Usmanov has been the key link in these efforts. He has declared his intention at the end of Mirziyoyev’s first year in power to ‘helping Uzbekistan open up to the world’. Of course, who stands to benefit is another question. A series of investigations by David Leask for The Herald in 2018 found that Usmanov had been using Scottish corporate structures to disguise his growing role in the Uzbek economy. He is undoubtedly close to Mirziyoyev. An investigation by RFE/RL earlier this year that uncovered a secret resort-residence apparently built for Mirziyoyev, citing two sources as saying that he had met with Mirziyoyev and Putin in secret there.

That Usmanov has brokered ties between the Kremlin and Mirziyoyev should come as no surprise. A year after Karimov’s passing, Mirziyoyev famously flew to New York for the UN General Assembly on one of Usmanov’s planes, rather than the Uzbek state aircraft. At the time, Mirziyoyev was embroiled in a struggle for dominance with Inoyatov of the much-feared SNB. This security apparatus controlled the presidential aircraft.

Mirziyoyev prevailed in the power struggle, sacking Inoyatov in January 2018 and demoting him to the supremely embarrassing position of overseeing the fishing industry in a double landlocked country left bereft of the once bountiful Aral Sea (Mirziyoyev has since revealed an attempt by the SNB to oust him when he was still a local official in 1993).

Although Inoyatov was the primary vector for security collaboration between Russia and Uzbekistan in the years prior, Moscow did not seem to mind the move too much. (Rustam Azimov, initially seen as a third head to an ostensible troika, was sidelined even earlier, as was Nigmatilla Yuldashev who as Senate chairman should have been the constitutional successor to Karimov).

Joint drills and new talks on EEU

In 2018, Tashkent and Moscow held their first joint drills in more than 12 years, in Uzbekistan’s Jizzakh region. With this, Mirziyoyev ended Uzbekistan’s ‘defensive self-reliance’.

The same goes for economic autonomy. Kremlin launched a new campaign aimed at bringing Uzbekistan into the Eurasian Economic Union, with Russian Federation Council chairwoman Valentina Matvienko going so far as to declare the move a done deal during an October 2019 visit to Tashkent.

While the bloc should be seen primarily as a political project – it has done little to address non-tariff barriers and transit bottlenecks between Russia and neighboring member Kazakhstan – trade has increased substantially since the Karimov era, from US$2.7 billion in 2016 to US$5.6 billion in 2020. Russian Foreign Minister Sergei Lavrov has spoken of bringing it up to US$10 billion.

Membership would also further ease the ability of Uzbeks to work in Russia, where they form a substantial portion of the migrant labour force. These workers already send home sizable remittances, just over US$680 million in the first quarter of this year alone.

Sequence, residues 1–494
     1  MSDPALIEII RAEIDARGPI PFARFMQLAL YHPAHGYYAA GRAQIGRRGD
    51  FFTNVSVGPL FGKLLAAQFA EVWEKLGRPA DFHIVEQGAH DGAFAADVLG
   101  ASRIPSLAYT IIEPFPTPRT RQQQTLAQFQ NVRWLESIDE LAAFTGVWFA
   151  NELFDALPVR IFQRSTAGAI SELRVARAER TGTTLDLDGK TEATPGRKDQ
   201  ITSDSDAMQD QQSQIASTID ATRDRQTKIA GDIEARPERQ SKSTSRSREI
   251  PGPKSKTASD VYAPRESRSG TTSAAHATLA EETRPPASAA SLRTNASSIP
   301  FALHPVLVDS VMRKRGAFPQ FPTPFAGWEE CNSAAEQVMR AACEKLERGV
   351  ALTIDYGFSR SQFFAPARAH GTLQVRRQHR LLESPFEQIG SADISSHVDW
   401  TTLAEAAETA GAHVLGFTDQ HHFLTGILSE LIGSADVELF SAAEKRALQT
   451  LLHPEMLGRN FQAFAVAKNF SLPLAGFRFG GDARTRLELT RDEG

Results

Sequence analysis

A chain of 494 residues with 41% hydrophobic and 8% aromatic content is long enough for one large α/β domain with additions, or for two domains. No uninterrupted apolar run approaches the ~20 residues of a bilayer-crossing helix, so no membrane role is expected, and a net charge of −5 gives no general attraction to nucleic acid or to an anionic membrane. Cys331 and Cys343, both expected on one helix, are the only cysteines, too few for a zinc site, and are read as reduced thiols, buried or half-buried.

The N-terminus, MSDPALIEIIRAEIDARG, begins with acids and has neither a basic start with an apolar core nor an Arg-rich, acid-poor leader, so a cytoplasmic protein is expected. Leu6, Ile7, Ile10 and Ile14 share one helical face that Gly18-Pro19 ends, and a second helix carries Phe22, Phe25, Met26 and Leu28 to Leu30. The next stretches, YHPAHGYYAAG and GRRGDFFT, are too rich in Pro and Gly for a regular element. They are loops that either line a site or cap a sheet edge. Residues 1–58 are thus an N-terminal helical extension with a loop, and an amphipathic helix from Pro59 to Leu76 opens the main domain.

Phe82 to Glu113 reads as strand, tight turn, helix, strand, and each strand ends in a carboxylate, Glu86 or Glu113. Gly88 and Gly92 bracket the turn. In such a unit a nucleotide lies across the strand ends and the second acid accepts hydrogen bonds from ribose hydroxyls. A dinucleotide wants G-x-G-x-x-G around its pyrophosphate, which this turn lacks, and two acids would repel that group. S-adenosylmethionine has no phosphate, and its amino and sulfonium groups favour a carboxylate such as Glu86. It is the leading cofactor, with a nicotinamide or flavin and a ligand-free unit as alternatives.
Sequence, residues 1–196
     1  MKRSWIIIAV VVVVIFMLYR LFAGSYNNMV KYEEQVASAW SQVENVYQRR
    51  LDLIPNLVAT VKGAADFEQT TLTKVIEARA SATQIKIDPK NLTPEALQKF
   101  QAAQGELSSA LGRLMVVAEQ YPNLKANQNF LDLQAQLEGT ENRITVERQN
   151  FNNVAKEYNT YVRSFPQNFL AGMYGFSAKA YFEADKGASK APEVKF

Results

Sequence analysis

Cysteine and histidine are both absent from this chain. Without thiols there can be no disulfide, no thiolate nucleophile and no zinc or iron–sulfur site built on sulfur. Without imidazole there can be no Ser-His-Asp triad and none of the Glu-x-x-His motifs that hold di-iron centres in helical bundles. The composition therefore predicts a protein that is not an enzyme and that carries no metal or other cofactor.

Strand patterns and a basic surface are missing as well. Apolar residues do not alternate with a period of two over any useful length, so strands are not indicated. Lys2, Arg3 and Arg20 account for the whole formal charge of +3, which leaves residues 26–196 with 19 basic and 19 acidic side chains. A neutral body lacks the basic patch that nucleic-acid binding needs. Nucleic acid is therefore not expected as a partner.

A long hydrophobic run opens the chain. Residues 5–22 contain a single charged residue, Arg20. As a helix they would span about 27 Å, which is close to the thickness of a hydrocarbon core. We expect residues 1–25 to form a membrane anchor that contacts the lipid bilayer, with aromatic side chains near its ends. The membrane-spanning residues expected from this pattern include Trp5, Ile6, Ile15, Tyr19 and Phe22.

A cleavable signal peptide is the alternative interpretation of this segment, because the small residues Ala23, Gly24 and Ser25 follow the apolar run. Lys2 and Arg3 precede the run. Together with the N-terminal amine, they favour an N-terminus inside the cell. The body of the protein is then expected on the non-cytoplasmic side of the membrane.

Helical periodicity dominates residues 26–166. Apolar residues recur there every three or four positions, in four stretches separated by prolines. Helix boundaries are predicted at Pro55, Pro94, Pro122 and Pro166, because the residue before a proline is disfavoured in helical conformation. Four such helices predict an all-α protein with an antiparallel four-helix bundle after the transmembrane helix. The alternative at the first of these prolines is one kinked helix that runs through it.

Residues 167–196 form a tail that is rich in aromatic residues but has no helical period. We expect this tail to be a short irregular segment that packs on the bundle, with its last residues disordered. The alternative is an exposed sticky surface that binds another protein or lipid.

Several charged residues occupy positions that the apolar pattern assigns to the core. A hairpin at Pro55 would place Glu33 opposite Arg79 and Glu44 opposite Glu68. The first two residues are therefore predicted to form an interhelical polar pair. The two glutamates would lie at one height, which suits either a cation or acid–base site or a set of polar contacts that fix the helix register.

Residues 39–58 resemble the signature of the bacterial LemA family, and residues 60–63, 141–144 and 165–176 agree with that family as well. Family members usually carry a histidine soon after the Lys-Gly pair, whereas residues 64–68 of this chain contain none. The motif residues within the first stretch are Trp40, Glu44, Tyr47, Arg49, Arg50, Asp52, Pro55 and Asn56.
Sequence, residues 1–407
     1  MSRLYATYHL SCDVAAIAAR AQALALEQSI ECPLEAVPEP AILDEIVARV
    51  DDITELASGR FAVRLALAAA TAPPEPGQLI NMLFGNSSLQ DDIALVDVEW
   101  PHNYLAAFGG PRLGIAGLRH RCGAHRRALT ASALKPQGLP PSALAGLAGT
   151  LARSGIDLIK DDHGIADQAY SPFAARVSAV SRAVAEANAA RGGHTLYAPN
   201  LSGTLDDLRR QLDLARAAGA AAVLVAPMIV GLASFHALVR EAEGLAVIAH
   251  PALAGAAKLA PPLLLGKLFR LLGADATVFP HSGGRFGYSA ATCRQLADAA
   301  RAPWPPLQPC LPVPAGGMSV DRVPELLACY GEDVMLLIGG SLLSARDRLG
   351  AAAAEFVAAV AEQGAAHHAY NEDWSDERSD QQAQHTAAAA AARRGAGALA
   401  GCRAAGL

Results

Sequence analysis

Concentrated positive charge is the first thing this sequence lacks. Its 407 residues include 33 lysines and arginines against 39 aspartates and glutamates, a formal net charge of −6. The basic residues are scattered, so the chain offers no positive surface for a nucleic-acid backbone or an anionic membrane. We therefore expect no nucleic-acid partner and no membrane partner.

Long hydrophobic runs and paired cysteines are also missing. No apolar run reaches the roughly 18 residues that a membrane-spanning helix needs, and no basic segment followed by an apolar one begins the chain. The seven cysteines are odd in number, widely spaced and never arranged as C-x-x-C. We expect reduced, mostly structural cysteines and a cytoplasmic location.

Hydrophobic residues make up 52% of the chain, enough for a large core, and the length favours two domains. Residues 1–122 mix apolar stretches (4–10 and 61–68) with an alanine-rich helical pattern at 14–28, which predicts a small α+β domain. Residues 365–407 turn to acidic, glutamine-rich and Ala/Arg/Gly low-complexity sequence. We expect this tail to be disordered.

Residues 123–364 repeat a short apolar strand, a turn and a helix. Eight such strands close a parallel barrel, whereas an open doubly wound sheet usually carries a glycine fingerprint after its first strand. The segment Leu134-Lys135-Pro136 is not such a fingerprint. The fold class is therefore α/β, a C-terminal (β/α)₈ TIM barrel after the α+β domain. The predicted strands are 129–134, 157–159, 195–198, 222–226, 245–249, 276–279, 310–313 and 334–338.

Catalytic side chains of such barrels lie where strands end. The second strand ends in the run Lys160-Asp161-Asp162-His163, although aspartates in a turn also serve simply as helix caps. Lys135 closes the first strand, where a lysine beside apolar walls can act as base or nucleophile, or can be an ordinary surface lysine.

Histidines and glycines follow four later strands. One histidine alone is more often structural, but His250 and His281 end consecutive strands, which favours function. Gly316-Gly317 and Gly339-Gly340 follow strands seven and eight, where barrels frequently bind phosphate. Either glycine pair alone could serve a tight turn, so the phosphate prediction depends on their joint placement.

However, joining the Eurasian Union appears to have been too much for Mirziyoyev’s government thus far. In March 2020, it agreed only to become an ‘observer’ in the bloc. Uzbekistan is not yet willing to throw in its lot entirely with Moscow. Its capital market opening has deepened ties with the West as well.

Uzbek officials were mostly shunned in the West in the years preceding Karimov’s death,. The 2005 legacy of Andijan, revelations about Karimova’s corruption, and the use of forced labor in the country’s cotton fields all took its toll. But a domestic reform agenda is now helping secure Uzbekistan’s entry into capital markets. That Mirziyoyev declare an end to the practice of cotton slavery. He freed political prisoners, and dismantled the SNB’s quasi state-within-a-state. Then again, this reform agenda has since ground to a halt. Tashkent’s is only so willing to accept suggestions for political and human rights reform in return for financing. Equally, there is little active effort emanating from Brussels, London or Washington to advocate for such change.

Putin’s Kremlin, meanwhile, sees the economic reforms as stabilizing Uzbekistan, and Western capital as keeping Central Asia’s most influential state from becoming beholden to Beijing, as is the case in neighboring Tajikistan. Moscow is wary of the strings attached to Chinese loans. With Kremlin-adjacent oligarchs poised to reap the benefits and a stable Uzbekistan providing a credible buffer with Afghanistan, there is little need for Moscow to pressure Uzbekistan for more. Indeed, Moscow did not seek to push Tashkent after it stayed an observer rather than a member of the EEU. Similarly, Moscow has also not sought to pressure Mirziyoyev into rejoining the CSTO. The Kremlin is content with Mirziyoyev’s growing cooperation (Mirziyoyev did attend a virtual conference in August as an ‘invited guest’.)

Both capitals now share concerns over the Taliban takeover of Afghanistan. In turn, this offers Moscow a chance to shore up its role as Uzbekistan’s key security partner. Even though Tashkent has said it does not expect this to result in further formal tie-ups.

All told, Mirziyoyev’s Uzbekistan is one that Putin’s Russia can do business with. That appears to suit Moscow just fine.